What the Founding Fathers Said About Budgeting

Founding Fathers

“In this world, nothing can be said to be certain, except death and taxes.”

This time of year, Americans look back to the beginnings of the country and honor those who sacrificed to make it happen. The Founding Fathers not only set the scene for a new nation, they also had cogent things to say about money and personal finances.
Here are a few of their bits of advice:

John Adams: “All the perplexities, confusion and distress in America arise not from the defects of the Constitution, not from want of honor or virtue, so much as from downright ignorance of the nature of coin, credit and circulation.” (Letter to Thomas Jefferson, 1787.)

Thomas Jefferson: “But I know nothing more important to inculcate into the minds of young people than the wisdom, the honor and the blessed comfort of living within their income, to calculate in good time how much less pain will cost them the plainest style of living which keeps them out of debt, than after a few years of splendor above their income, to have their property taken away for debt when they have a family growing up to maintain and provide for.” (Letter to Martha Jefferson Randolph, 1808.)

Benjamin Franklin: “It is a singular advantage of taxes on articles of consumption that they contain in their own nature a security against excess. They prescribe their own limit, which cannot be exceeded without defeating the end purpose, that is, an extension of the revenue.” (Federalist No. 21)

“In this world, nothing can be said to be certain, except death and taxes.” (Letter to French scientist Jean-Baptiste Leroy, 1798.)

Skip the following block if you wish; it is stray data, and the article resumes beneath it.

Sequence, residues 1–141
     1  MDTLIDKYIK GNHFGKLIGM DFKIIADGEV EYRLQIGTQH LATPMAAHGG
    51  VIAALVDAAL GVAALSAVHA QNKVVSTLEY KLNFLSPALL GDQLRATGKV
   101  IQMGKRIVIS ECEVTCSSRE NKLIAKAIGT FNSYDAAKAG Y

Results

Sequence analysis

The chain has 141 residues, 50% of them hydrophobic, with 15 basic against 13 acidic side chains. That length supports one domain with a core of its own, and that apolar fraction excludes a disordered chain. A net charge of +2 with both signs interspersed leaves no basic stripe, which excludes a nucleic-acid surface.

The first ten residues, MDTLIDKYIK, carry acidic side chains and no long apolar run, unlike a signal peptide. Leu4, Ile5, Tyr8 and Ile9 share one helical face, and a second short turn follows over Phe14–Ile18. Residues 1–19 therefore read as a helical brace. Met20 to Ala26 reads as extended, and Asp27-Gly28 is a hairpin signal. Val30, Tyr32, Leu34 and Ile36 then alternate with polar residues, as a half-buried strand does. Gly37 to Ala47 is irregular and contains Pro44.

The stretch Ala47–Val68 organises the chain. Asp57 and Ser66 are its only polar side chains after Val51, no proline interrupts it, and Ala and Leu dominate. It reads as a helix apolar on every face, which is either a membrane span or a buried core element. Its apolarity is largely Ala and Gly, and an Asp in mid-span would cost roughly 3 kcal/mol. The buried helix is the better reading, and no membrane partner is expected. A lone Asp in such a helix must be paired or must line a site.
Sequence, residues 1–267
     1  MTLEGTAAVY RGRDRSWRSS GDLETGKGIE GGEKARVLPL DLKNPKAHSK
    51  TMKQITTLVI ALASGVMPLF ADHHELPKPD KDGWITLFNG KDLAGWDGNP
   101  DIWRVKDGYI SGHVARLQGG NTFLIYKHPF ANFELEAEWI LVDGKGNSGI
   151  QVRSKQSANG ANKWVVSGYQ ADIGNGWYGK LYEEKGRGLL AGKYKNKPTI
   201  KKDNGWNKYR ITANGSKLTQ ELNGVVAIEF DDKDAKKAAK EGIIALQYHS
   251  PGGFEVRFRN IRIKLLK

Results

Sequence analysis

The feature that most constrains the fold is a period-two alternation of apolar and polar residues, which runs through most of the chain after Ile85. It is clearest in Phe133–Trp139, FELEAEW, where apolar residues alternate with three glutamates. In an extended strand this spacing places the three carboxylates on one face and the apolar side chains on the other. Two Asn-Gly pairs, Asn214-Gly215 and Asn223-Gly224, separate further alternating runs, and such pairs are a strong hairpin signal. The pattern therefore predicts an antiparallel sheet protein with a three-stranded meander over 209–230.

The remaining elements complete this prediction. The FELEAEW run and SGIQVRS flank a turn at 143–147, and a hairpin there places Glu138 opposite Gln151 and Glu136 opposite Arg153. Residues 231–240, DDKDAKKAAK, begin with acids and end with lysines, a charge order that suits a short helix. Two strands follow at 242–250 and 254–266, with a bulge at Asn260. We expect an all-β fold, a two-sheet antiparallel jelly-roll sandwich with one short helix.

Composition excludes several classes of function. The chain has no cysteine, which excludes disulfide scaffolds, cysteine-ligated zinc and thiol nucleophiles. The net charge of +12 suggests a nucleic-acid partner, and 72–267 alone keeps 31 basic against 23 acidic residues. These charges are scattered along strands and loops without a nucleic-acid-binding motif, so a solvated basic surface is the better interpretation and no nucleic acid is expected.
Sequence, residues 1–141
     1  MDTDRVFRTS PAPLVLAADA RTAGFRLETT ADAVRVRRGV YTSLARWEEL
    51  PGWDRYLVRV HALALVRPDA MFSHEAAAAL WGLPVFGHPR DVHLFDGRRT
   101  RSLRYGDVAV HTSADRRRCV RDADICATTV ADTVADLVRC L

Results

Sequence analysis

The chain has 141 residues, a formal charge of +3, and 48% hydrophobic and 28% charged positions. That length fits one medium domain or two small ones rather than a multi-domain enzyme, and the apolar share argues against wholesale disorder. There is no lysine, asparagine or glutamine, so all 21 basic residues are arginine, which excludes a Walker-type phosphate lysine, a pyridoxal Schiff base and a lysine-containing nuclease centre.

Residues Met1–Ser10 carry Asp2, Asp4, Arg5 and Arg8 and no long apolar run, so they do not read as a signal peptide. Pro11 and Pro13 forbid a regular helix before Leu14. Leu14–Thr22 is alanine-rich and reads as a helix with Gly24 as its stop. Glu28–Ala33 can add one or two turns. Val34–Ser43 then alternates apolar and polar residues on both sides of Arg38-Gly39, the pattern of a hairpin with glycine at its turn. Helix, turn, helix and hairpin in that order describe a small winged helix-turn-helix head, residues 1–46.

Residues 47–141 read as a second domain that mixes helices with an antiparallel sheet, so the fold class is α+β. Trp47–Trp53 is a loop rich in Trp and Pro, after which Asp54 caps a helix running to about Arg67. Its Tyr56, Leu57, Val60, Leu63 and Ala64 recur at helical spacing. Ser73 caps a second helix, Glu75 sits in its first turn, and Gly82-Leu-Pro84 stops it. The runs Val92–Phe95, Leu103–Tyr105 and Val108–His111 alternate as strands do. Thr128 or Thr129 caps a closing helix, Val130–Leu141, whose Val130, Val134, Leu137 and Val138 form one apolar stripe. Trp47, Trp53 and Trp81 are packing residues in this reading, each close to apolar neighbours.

“A penny saved is a penny earned.” (Poor Richard’s Almanac.)

Alexander Hamilton (as described in the currently-popular musical): “The ten-dollar founding father without a father got a lot farther by working a lot harder, by being a lot smarter, by being a self-starter. By fourteen, they placed him in charge of a trading charter.”

Abigail Adams: “Learning is not attained by chance, it must be sought for with ardor and attended to with diligence” (Letter to her son, John Quincy, 1780.)

George Washington: He was a man of few words, but a stickler for keeping track of his personal finances. Appointed commander-in-chief of the Continental Army in 1775, he did not accept a salary, but asked only for reimbursement of his expenses after the war. He then recorded everything from brooms to mutton to payment for his soldiers, meticulously keeping track of every penny in expenditures. He never went into debt, as some of his contemporaries did and died a rich man.

Marquis de Lafayette: “I read, I study, I examine, I listen, I think and out of all that I try to form an idea into which I put as much common sense as I can.” (Letter to his father, 1776) Though not officially a “founding father,” he was a trusted confidant of Washington and played a pivotal role in the colonists’ struggle for independence. He was the point man for the colonists’ relations with France and showed a great example of thrift and carefully money management.

Ways To Maximize Investment Earnings

Investment Earnings

Save early and automatically

It’s a sad statistic. Barely 8 percent of college students who responded to a survey regarding personal finance management could have received an A for doing it right. And in a 2014 survey among adults, only 18 percent showed top grade knowledge in personal finances.

It isn’t all that hard. One financial expert and University of Chicago professor reduced the basic elements to fit onto an index card.

To help, here are seven steps, compiled by Suzanne Woolley, to get you into the groove and keep you there:

First, save early and automatically. Some companies now enroll new hires directly into the company 401(k) so they are saving automatically. Others wait until the employee opts in on his own. If you can, save up to the maximum allowed by the employer so you get the benefit of their declared match. Many companies start to chip in when the employee savings reach 3 percent of their earnings. The benefit is that the money is withdrawn before you get a chance to see it, so you don’t miss it.